Students and staff in third level colleges will be able to anonymously report incidents of bullying, assault or sexual violence using a new online platform.
The move is aimed at creating a “zero tolerance” culture for harassment and discrimination on college campuses.
Trinity College Dublin, University of Limerick, Dublin City University and NUI Galway are among the colleges initially taking part in the project, though it will available across all higher education institutions during the current academic year.
An online anonymous reporting tool is already in operation in University College Dublin.
The Speak Out project was led by the Psychological Counsellors in Higher Education Ireland and funded by the Department of Further and Higher Education.
The need for data to be collected on rates of sexual harassment and violence across the higher education sector was highlighted in a 2019 Government-commissioned report on sexual violence and reassessment.
Data collected through the new tool will be used to inform policy and targeted educational initiatives.
College-based counsellors will also provide users with support services relevant to their experience.
Minister for Higher Education Simon Harris said the new platform will provide a safe and anonymous medium for students and staff to report incidents of bullying, assault or sexual violence.
“Speak Out represents a national approach to tackling these issues by raising awareness, and by providing a means of recording instances, which will assist in achieving a zero-tolerance culture.”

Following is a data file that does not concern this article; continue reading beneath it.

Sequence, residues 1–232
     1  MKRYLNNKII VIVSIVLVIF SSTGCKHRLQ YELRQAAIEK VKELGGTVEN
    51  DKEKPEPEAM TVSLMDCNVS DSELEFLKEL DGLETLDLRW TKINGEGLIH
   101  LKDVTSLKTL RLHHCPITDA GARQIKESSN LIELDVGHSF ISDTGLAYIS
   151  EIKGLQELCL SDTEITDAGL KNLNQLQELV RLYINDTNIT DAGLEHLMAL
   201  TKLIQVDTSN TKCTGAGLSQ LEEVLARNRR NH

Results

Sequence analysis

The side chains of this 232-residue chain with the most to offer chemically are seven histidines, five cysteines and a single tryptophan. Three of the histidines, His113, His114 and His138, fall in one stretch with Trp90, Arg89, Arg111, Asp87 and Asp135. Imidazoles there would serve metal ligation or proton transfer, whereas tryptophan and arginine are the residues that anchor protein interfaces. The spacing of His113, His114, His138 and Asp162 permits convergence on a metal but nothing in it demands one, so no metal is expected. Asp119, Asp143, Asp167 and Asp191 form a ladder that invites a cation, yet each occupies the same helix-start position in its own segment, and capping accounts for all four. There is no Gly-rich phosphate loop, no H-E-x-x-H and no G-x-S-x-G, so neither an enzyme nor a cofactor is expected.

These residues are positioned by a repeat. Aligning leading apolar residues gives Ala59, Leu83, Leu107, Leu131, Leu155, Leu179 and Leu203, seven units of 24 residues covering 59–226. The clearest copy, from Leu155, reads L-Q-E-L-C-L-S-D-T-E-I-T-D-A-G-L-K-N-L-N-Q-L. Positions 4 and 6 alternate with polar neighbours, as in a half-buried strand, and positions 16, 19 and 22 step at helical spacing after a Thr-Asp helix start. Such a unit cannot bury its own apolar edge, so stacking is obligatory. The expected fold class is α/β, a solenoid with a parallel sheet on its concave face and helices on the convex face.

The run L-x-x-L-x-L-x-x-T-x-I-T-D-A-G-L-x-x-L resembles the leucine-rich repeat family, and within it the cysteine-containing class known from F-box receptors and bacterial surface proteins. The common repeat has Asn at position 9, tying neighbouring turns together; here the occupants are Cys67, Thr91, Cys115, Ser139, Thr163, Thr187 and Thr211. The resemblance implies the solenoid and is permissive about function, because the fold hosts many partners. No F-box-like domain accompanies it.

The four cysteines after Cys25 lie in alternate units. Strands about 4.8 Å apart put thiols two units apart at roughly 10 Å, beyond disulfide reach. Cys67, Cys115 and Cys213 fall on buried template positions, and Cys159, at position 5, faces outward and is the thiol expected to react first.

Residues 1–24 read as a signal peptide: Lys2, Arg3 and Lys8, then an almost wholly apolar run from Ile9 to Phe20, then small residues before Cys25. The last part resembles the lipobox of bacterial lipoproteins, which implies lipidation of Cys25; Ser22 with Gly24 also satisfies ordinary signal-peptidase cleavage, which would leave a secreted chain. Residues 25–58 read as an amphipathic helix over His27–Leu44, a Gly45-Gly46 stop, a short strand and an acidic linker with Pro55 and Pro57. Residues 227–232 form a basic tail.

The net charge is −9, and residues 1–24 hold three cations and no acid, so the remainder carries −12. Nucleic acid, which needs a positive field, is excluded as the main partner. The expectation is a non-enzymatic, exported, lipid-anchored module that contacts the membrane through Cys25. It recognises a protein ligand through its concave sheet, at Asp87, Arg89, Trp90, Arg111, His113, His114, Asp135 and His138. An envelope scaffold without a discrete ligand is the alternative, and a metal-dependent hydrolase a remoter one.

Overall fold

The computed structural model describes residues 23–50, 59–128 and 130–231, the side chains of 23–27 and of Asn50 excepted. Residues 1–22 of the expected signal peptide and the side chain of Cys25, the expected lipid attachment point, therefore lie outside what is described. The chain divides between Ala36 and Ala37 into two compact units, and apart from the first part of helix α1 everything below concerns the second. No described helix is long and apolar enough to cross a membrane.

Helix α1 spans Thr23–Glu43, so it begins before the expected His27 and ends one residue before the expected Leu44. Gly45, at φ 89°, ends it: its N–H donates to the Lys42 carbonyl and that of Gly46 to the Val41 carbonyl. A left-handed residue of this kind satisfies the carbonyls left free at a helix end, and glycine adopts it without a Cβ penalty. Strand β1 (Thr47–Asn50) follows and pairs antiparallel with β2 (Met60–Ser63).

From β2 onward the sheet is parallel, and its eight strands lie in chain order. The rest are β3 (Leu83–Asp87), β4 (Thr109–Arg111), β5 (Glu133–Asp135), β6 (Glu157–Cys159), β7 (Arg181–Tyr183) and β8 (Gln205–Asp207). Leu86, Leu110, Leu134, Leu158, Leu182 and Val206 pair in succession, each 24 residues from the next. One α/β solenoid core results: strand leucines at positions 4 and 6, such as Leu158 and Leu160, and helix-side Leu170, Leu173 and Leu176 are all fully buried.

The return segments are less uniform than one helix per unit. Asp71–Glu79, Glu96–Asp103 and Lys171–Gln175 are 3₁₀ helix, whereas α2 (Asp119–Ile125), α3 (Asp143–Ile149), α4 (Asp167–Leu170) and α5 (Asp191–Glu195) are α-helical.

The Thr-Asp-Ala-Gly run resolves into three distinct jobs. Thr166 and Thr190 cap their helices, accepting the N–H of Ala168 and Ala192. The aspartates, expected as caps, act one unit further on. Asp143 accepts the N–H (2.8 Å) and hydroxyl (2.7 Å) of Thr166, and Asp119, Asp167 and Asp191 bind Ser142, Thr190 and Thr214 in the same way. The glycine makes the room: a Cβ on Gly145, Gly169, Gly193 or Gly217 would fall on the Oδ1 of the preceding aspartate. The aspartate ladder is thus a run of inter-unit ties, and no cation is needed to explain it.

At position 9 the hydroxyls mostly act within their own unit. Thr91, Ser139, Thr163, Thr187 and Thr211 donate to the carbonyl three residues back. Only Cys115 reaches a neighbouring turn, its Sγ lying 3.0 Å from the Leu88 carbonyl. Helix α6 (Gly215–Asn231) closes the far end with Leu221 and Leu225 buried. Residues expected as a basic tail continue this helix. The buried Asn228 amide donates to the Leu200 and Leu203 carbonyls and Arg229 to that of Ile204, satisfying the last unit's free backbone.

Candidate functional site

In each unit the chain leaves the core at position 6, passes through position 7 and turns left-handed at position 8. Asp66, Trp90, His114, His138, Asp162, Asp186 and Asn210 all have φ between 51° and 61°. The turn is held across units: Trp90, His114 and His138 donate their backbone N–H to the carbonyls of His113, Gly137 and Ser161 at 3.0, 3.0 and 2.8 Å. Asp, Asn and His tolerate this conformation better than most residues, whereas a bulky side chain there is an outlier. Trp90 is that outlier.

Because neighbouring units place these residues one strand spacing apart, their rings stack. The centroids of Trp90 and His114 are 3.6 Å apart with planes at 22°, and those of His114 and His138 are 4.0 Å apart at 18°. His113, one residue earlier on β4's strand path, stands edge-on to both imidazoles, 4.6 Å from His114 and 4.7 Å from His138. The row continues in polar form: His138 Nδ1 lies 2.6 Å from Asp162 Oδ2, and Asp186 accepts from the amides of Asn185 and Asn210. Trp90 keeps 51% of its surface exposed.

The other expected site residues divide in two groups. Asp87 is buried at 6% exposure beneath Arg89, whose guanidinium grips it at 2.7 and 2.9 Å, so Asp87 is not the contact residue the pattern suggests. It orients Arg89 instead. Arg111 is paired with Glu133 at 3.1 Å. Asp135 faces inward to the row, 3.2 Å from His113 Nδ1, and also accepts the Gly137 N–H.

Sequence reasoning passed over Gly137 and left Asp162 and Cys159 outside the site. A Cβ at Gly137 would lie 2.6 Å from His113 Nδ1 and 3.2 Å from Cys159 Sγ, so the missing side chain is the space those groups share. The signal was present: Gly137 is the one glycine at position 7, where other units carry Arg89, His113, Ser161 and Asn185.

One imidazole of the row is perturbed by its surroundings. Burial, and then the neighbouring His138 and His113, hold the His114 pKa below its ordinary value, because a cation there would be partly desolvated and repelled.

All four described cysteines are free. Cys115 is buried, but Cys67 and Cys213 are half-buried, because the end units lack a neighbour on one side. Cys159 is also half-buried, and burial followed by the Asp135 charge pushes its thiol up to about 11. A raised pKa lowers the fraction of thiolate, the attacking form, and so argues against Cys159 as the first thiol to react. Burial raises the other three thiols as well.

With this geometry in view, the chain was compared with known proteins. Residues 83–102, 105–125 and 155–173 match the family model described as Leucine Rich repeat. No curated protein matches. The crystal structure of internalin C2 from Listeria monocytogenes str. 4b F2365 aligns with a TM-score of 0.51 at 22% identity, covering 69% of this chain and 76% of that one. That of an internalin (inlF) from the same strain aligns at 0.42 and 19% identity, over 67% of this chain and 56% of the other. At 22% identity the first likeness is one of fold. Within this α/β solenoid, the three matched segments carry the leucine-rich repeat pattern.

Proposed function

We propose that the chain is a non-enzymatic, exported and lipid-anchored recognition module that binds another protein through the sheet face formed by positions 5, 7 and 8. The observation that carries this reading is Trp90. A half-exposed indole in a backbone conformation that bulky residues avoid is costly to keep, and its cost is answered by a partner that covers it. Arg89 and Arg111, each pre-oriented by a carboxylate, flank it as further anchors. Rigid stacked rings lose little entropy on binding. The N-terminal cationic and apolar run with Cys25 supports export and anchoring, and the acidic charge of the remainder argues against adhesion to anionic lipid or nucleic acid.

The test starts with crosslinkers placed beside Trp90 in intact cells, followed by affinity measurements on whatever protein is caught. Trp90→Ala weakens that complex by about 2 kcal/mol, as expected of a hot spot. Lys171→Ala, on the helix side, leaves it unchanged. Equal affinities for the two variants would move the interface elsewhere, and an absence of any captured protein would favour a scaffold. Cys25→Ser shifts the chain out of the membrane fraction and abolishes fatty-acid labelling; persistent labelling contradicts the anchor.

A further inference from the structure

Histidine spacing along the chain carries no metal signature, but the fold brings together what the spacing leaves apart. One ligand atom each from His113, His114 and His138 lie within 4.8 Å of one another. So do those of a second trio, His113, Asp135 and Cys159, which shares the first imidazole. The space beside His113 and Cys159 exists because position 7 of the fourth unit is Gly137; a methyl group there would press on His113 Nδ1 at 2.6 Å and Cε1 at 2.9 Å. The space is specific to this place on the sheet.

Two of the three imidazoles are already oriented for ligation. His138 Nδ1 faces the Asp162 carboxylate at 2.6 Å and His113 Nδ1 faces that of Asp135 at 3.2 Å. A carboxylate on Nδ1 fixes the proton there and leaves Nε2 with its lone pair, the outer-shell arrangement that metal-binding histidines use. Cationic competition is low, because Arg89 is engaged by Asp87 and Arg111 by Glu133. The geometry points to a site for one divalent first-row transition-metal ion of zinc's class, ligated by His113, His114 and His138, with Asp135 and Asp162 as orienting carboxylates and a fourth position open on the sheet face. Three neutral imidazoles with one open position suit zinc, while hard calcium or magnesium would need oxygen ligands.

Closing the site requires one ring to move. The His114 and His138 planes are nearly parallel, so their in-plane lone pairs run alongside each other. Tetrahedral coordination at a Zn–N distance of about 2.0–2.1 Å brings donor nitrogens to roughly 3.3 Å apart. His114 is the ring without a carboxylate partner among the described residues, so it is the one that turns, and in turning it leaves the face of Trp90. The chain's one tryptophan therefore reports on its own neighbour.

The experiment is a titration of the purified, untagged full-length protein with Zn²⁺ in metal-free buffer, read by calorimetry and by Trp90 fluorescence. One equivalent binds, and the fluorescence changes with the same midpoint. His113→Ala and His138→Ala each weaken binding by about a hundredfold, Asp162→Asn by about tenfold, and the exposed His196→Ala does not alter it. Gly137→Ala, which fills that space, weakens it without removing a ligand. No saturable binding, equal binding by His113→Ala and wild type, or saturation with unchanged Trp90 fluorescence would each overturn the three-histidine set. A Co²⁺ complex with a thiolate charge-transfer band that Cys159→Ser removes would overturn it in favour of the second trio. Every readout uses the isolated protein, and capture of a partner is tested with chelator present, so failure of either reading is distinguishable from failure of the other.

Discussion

Gertie Raftery, chairperson of Psychological Counsellors in Higher Education Ireland, said the service will provide a voice for students and staff in higher education to speak out about their experiences of sexual harassment, violence or intimidation of any kind.
While a list of all available support services will be available prior to completing a report, the Speak Out system will use the answers given during the reporting process to provide a bespoke and tailored list of support services.
This will allow users to easily find the support services which are most relevant to them and seek support if they wish to do so.
Somhairle Brennan, Union of Students Ireland (USI) vice president for welfare , said the reporting tool will help to "de-stigmatise" conversations about consent.
“It will hopefully empower students who have had a non-consensual sexual experience to have their voice heard in a way that feels safe for them,” Brennan said.
“Having as much knowledge as possible is also vital and the data we will get from this tool will be incredibly useful in directing the supports we provide for students into the future.”
Dr Ross Woods of the HEA's centre of excellence for equality, diversity and inclusion, said it means colleges will in future be better able to understand staff and student experiences of harassment and violence.
“Most importantly, it will raise awareness of the supports available to students and staff and encourage them to seek help if they need it,” he said.